Authorities focusing on making te reo available for all students.
Only 4 per cent of non-Maori secondary school students are learning te reo Maori, the latest figures show.
The place of the Maori language in schools has been a hot topic in the lead-up to September's election, with some calling for it to be compulsory.
And new figures provided to the Herald show that 4 per cent of the non-Maori student population in Year 9 or above learned te reo last year.
That is up slightly on the 3 per cent recorded in the previous three years, and compares with the 26 per cent of Maori students who learned te reo last year.
The Minister for Maori Affairs, Pita Sharples, this month called for it to be compulsory for te reo Maori to be available as a subject to students in all schools, but not compulsory for students to learn the language.
Asked for his opinion on that proposal, Secondary Principals' Association president Tom Parsons told the Herald that the progress being made showed the current rules were working.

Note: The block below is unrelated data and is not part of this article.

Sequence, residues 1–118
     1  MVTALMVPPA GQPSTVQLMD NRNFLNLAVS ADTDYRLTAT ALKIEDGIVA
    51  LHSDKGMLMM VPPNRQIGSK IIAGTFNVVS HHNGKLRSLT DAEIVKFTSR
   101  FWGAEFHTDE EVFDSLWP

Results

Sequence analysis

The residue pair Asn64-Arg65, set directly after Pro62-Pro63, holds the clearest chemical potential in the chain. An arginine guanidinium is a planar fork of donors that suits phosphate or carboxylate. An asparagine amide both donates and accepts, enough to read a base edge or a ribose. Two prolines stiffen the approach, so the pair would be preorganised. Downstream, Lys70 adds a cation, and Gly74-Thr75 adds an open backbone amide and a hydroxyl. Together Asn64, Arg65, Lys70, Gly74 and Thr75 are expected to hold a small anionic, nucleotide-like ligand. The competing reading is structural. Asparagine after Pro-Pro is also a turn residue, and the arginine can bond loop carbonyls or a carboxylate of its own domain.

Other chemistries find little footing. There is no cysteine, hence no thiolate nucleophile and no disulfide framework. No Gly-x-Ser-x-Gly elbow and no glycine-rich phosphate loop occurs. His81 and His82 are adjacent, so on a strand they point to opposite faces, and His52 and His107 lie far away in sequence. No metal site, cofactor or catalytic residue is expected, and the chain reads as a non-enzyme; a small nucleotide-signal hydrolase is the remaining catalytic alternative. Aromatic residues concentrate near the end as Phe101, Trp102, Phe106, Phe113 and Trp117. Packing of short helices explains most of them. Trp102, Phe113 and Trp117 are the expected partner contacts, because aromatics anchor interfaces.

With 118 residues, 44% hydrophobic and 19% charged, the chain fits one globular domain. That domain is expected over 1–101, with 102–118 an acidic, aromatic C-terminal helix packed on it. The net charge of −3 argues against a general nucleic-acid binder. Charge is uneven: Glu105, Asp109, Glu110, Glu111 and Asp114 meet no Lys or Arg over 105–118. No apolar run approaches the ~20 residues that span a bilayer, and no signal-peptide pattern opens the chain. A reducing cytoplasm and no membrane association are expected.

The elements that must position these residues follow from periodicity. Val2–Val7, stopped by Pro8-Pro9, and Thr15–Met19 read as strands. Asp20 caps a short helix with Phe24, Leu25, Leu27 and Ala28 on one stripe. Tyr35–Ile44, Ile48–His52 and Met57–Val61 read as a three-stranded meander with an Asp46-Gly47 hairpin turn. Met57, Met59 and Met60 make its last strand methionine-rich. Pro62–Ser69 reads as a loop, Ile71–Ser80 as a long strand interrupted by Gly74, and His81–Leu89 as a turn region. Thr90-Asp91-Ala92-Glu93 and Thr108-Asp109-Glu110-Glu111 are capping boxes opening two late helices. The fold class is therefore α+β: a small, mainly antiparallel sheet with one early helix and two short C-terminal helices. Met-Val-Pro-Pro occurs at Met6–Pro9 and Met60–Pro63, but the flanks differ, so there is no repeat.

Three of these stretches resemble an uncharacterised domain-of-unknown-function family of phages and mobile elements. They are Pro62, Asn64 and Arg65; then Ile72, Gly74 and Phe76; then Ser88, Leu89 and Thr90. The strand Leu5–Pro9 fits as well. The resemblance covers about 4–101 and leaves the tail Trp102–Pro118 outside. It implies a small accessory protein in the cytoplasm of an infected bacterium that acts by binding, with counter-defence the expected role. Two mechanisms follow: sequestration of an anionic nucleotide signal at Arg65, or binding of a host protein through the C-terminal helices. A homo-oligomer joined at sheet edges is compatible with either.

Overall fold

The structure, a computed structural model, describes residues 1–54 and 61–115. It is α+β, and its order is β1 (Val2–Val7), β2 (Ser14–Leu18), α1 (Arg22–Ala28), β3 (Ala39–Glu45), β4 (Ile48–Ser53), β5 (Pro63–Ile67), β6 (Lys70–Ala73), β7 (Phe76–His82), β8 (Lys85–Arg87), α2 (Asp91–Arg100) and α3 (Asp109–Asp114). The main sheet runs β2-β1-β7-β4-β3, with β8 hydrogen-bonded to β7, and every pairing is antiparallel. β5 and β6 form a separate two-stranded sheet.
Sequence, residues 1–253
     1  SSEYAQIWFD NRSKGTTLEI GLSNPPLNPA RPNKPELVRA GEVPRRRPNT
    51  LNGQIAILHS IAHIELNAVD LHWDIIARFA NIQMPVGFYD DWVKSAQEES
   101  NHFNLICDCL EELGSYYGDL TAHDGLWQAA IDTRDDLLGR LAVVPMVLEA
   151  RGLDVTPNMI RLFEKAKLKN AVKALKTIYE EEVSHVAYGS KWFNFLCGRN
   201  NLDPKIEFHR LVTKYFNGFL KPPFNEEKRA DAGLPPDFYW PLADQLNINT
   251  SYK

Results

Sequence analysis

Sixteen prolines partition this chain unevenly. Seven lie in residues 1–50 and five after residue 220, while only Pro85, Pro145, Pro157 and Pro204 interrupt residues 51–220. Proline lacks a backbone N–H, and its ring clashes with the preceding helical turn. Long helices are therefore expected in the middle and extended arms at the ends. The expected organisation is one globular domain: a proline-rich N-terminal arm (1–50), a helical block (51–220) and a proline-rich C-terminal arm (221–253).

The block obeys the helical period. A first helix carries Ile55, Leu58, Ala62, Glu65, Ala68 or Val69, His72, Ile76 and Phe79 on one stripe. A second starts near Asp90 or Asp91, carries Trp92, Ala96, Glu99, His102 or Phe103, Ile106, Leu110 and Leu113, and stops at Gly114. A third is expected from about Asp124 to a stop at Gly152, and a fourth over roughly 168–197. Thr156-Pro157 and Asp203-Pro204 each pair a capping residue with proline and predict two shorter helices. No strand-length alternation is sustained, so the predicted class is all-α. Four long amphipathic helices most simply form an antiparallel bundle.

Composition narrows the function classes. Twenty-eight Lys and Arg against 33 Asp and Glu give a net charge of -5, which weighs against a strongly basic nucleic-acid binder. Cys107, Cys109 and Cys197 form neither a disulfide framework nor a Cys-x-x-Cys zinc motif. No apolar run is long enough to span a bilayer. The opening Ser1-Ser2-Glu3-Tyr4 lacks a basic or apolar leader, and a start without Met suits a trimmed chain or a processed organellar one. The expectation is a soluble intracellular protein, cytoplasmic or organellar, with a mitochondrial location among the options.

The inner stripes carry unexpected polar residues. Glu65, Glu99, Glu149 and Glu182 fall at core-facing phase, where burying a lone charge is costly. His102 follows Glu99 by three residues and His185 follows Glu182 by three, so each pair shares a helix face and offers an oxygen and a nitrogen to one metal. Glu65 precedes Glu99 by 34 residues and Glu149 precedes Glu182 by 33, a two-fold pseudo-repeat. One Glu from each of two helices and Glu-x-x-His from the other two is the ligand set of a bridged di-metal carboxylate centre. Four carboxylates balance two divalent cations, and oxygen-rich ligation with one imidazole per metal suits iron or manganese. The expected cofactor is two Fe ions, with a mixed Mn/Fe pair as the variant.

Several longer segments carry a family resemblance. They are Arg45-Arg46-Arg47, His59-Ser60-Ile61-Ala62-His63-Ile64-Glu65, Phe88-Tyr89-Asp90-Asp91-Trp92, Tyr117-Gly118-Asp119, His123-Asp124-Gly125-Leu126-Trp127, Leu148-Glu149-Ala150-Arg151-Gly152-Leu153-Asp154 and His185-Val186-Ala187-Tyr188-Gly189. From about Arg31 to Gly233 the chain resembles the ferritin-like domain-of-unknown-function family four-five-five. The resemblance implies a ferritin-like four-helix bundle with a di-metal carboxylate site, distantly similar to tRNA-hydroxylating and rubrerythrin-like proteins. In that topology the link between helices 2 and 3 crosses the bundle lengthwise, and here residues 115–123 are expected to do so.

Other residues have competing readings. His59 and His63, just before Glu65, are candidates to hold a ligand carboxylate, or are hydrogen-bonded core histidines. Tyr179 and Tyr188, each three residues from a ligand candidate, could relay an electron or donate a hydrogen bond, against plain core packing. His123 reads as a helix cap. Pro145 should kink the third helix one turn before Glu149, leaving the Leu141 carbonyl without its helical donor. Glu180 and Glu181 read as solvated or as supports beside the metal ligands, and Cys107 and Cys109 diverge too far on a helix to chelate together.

"I think we are terrible at looking at progress, we just turn around and look at lack of progress."
Mr Parsons spoke in te reo during the interview, and said that was an example of how much had changed in the past 10 years. School leaders were learning and recognising the language and culture, and many schools ensured all students could give a waiata, for example.
On Sunday the Labour Party launched its te reo campaign.
It says its policy will encourage the use and learning of Maori in schools, but that it won't be made com-pulsory.
Under the Education Act all schools must provide Maori language programmes to students if parents request it.
Te reo being taught in schools is a key plank of the Ministry of Education's strategy to boost the achievement of Maori, and it also recognises the importance of learning the language for non-Maori.
Such a status has not always been the case. In the early 1900s children fluent in Maori were often forced to leave their language at the school gate, and could be punished for speaking te reo.
Each successive generation saw a larger proportion speaking English as their first language, and fluency was in decline by the mid to late 1900s.
Percentage of students in Year 9 and above learning te reo Maori:
Information is based on a sample of students, but the Ministry of Education says the percentages are a reliable reflection of the total student population.